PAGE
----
Financial activities…………………          10.3          71.3       0.0    1,442       5.9
   Professional and business services…….          17.3         137.2      -2.0      981       6.6
   Education and health services…………           8.8         135.2       3.4      772       4.0
   Leisure and hospitality………………           5.7         104.4       2.3      498      -1.8
   Other services………………………           7.6          35.7       3.4      520       8.6
 Government……………………………           0.3         153.0       1.5    1,044       4.5

(1) Includes workers covered by Unemployment Insurance (UI) and Unemployment Compensation for Federal
Employees (UCFE) programs.
(2) Data are preliminary.
(3) Average weekly wages were calculated using unrounded data.
(4) Percent changes were computed from quarterly employment and pay data adjusted for noneconomic
county reclassifications. See Technical Note.
(5) Totals for the United States do not include data for Puerto Rico or the Virgin Islands.
(6) Data do not meet BLS or State agency disclosure standards.





Table 3. Covered(1) establishments, employment, and wages in the largest county by
state, first quarter 2007(2)
                                                                                 
                                                                                 
                                               Employment         Average weekly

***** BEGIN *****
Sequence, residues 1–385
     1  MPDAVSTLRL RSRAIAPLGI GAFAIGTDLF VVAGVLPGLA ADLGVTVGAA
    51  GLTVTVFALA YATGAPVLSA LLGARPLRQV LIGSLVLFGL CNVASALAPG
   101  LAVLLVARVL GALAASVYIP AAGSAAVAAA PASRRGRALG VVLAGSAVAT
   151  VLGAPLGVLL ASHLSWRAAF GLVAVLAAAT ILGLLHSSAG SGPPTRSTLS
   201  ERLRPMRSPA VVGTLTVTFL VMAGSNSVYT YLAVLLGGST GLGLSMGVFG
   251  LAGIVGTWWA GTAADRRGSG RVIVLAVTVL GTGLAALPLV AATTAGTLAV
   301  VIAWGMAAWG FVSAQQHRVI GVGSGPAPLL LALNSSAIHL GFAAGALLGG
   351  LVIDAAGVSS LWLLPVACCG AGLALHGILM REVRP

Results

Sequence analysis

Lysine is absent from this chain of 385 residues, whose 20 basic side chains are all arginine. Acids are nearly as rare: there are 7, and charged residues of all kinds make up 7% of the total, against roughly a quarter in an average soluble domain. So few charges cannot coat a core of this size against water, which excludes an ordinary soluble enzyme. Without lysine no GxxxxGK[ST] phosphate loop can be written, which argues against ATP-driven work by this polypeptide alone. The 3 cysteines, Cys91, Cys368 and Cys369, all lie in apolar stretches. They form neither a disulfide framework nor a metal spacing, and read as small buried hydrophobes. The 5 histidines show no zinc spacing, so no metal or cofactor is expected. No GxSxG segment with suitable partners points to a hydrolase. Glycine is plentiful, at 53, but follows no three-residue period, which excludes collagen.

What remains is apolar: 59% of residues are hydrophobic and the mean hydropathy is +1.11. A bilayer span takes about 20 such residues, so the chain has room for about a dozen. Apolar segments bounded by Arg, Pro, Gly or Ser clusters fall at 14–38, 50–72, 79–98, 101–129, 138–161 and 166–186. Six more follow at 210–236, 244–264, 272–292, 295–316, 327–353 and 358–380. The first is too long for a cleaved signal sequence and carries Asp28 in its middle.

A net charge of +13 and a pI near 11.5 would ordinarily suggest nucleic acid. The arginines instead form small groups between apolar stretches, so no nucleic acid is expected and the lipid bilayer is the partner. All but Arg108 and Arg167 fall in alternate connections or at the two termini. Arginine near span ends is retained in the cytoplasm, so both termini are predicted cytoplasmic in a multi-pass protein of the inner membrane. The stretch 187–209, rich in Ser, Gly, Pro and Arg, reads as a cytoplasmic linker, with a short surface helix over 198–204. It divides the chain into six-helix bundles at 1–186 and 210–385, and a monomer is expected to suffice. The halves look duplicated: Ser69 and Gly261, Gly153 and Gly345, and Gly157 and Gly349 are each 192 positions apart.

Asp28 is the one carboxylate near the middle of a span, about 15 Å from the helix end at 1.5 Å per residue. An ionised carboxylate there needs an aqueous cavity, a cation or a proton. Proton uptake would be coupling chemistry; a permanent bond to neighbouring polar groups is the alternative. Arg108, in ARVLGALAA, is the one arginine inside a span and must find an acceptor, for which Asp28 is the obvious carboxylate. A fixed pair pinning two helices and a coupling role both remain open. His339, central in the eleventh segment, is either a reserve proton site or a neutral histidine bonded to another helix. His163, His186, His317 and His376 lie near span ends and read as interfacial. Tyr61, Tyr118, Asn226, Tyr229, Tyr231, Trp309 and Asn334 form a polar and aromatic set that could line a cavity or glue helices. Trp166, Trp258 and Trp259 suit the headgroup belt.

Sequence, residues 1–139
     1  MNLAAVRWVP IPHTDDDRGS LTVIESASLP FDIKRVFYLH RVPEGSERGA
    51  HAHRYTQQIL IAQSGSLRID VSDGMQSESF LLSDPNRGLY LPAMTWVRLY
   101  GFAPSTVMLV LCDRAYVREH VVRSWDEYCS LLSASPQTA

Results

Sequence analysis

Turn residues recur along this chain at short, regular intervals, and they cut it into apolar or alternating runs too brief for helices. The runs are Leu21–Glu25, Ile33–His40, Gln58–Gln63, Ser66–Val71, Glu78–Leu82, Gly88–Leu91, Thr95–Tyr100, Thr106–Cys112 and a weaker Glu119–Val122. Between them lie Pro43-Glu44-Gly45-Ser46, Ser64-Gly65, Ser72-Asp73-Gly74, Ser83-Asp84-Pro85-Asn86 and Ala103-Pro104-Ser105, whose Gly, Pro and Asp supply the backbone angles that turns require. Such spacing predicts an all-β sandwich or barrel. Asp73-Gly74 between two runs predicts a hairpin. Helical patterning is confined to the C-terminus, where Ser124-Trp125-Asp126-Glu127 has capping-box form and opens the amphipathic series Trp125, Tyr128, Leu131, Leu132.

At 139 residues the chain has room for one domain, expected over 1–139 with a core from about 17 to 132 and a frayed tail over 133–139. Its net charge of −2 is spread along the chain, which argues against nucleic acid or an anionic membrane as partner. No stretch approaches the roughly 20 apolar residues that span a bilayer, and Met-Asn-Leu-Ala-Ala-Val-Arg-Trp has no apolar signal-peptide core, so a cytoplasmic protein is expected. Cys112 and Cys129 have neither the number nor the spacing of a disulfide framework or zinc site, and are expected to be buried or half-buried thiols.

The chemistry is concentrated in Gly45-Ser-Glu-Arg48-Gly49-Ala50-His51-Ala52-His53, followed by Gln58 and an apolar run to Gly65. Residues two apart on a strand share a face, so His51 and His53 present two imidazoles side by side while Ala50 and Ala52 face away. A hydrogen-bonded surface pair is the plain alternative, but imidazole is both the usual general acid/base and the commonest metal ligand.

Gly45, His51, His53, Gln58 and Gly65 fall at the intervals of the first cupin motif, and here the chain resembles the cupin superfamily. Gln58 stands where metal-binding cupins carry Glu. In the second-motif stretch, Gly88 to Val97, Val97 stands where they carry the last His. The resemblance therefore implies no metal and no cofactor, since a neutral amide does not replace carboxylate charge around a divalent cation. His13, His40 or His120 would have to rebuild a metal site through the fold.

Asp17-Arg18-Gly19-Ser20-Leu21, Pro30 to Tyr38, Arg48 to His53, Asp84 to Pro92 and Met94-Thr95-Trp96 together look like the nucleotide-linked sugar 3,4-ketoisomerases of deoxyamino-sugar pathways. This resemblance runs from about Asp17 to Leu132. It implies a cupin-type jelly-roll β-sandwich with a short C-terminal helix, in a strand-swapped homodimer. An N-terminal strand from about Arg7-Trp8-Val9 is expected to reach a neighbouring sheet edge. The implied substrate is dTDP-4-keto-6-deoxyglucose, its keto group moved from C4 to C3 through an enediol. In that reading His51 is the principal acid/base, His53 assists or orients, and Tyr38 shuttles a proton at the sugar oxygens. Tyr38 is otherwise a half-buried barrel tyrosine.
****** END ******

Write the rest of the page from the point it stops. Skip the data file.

wage(4)    
                         Establishments,                                          
                          first quarter                                          
       County(3)               2007                    Percent            Percent
                           (thousands)      March      change,  Average   change,
                                             2007       March    weekly    first  
                                         (thousands) 2006-07(5)   wage    quarter
                                                                        2006-07(5)
                                                                                 
                                                                                 
United States(6)………       8,947.1     134,320.6       1.4     $885       5.1
                                                                                 
Jefferson, AL…………          18.8         366.0       1.1      878       4.3
Anchorage Borough, AK….           8.1         143.6       0.8      875       4.7
Maricopa, AZ………….          95.5       1,828.2       1.7      857       4.4
Pulaski, AR…………..          14.5         248.6       0.4      756       3.6